How To Get Away With Murder, Season 1, Episodes 14 & 15: “The Night Lila Died” and “It’s All My Fault”
Directed by Laura Innes and Bill D’Elia
Written by Michael Foley and Peter Norwalk
Airs Thursdays at 9 PM and 10 PM on ABC
How To Get Away With Murder wraps up its season with a two-hour finale that solves the central mystery while leaving some questions unanswered. Some of the episode is a slog, padded out by yet another snoozy case of the week, but the last 10 minutes are as suspenseful as anything on television. If Peter Norwalk and the writers can figure out how to drop the procedural element of the show and more fully explore the actions of the regular characters, some of whom are not much more fleshed out than when the series began, the show will be much improved in season 2.
But that final sequence is fantastic, using flashbacks to build suspense rather than to lazily communicate exposition. And though the reveal is unsurprising – Frank killed Lila on Sam’s orders – the slow pan up to Frank’s face as his hands choke poor Lila is stylishly shot and perfectly paced. It’s a mostly satisfying resolution to a mystery that often seemed to lose momentum during the course of the season. So much time is spent on the law students covering up Sam’s death and disposing of his body that solving Lila’s murder is pushed aside for episodes at a time. Especially since everyone is convinced that Sam is the murderer, the show is content to worry about other things until Wes starts suspecting Rebecca late in the season.
Unfortunately, what precedes this exciting climax are two hours (two hour-long episodes mashed together due to the premiere of American Crime next week) of red herrings, Wes moping around, and not nearly enough Viola Davis. Thankfully, the matter about the priest – he killed a fellow priest who molested a kid who killed himself – is wrapped up in the first hour. If the writers want to continue showing us Annalise’s cases, they need to realize that a facile thematic link to whatever is happening in the main plot is not enough to make the audience care. Take a page from The Good Wife and create cases that are interesting on their own and cast charismatic guest stars who can raise the level of the writing.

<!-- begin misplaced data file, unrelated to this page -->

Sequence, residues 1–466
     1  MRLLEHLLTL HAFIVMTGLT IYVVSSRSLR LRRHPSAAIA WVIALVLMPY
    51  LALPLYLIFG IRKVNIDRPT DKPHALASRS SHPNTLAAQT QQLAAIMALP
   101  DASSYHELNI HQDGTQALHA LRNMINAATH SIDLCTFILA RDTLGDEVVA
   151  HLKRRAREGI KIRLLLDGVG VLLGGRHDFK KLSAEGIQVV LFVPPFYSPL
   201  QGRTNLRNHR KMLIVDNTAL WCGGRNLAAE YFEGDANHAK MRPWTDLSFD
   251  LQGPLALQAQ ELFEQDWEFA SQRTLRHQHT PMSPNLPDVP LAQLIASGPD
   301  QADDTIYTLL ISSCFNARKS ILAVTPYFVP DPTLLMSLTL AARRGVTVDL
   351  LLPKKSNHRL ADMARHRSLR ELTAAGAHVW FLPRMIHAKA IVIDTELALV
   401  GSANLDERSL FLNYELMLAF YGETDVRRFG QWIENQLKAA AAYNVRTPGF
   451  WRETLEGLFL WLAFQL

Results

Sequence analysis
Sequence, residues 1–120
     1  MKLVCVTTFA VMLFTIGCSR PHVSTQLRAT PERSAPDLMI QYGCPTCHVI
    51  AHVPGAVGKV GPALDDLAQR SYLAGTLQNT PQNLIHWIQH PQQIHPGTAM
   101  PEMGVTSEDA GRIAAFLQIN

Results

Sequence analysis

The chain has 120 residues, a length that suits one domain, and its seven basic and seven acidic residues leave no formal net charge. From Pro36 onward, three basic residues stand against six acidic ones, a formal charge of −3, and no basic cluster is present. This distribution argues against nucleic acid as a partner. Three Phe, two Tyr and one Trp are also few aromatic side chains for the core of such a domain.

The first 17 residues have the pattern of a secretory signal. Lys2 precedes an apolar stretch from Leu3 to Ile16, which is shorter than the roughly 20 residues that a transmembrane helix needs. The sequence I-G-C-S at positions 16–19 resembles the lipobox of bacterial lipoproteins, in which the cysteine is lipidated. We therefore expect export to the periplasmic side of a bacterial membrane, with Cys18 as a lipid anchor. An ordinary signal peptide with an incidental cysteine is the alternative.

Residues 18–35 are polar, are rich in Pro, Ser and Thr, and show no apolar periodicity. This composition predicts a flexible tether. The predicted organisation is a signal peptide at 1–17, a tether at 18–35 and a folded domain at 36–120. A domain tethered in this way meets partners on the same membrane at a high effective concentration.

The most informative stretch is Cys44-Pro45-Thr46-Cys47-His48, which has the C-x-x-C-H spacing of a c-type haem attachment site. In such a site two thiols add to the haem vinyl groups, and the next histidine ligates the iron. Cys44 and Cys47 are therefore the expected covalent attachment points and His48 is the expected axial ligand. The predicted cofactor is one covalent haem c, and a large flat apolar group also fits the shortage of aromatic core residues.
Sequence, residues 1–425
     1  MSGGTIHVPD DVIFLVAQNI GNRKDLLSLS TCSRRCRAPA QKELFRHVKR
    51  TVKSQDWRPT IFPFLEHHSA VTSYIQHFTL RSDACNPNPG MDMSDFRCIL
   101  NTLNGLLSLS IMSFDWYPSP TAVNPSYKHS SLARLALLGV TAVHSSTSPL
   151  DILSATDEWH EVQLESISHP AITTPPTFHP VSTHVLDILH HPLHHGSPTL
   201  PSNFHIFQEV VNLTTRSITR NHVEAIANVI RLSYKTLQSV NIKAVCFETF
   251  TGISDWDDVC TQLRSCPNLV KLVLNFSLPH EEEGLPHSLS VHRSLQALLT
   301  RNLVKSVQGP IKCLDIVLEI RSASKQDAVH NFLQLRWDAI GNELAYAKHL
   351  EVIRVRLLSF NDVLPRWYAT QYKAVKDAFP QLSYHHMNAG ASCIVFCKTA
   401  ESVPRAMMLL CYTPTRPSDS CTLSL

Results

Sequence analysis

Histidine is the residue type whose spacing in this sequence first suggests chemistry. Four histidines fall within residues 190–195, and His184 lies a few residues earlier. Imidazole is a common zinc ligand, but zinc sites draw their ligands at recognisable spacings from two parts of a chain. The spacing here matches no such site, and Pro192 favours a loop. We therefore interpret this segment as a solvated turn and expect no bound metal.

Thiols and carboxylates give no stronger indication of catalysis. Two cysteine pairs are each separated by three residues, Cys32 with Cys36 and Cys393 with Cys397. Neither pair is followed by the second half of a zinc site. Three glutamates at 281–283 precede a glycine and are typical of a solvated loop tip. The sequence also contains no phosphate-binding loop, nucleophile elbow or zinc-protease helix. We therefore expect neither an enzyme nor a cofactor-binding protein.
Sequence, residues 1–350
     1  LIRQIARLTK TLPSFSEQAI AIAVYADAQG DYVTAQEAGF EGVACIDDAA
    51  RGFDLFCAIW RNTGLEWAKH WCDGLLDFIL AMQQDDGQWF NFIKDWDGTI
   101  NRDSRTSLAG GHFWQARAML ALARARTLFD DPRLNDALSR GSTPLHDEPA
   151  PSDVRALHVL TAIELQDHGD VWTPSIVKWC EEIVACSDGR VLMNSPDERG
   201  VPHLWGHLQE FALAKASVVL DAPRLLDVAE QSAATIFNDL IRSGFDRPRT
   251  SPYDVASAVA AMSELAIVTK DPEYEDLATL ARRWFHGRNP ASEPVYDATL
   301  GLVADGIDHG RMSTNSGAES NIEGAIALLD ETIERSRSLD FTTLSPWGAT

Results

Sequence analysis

Mystery shows, especially American ones that have to last 13-14 episodes, are dependent on shifting suspicion onto one character after another over the course of a season, regardless of evidence or logic. It’s impressive that How To Get Away With Murder shows as much restraint as it does, having the characters fully suspect Sam for the bulk of the season, doling out a few seeds of doubt just to keep things interesting. But that makes Wes’s suspicion of Rebecca seem a little arbitrary, and that plot’s path down a PCP-laced breakdown and a Delaware mental institute proves anticlimactic. Much more intriguing are the ways the entire cast seems under suspicion in the final episode. A quick shot of Bonnie looking shifty or a stone faced Wes makes everyone a plausible murderer for a second or two, even if they have no possible motive to get rid of Lila. Annalise herself, who has a good reason to off the co-ed sleeping with her husband, seems the likely killer for a minute, and wouldn’t that have made a great reveal? But it turns out that Frank did the deed after some coercion from Sam. Sam’s ultimate guilt makes Wes and Annalise’s actions justified, and gets them – our ostensible protagonists – morally off the hook. So Annalise’s speech to Wes, telling him it’s best to just believe Sam is guilty for his own sanity, proves unnecessary.
That’s sort of an easy way out, having Annalise suggest self-delusion and amorality in theory, but not having to use it in practice. If Sam had turned out to have nothing to do with Lila’s death, if Wes had killed an innocent man, he’d have to reckon with that and either embrace Annalise’s philosophy or reject it. But except for whoever killed Rebecca, the characters can now go into season two ethically uncompromised, which might make them easier to root for, but it creates a less interesting dynamic going forward. There is a cold, black heart beating within How To Get Away With Murder, and hopefully it will expose itself more fully when the show comes back in the fall.
Does Annalise know that Frank killed Lila? If so, does she know Sam ordered the hit?
Oh boy, that scene with Conrad and Oliver was heart wrenching.
So in the last episode, Aja Naomi King finally got something interesting to play. Her scene with Lynn Whitfield was stellar and Michaela is no longer my least favorite character on the show.
That honor goes to Wes, who continues to be as unexpressive as ever. Also, his American accent became shakier as the season progressed.
I think I’m done with Bonnie and Asher, together or apart.
Marcia Gay Harden and Cicely Tyson better come back next year.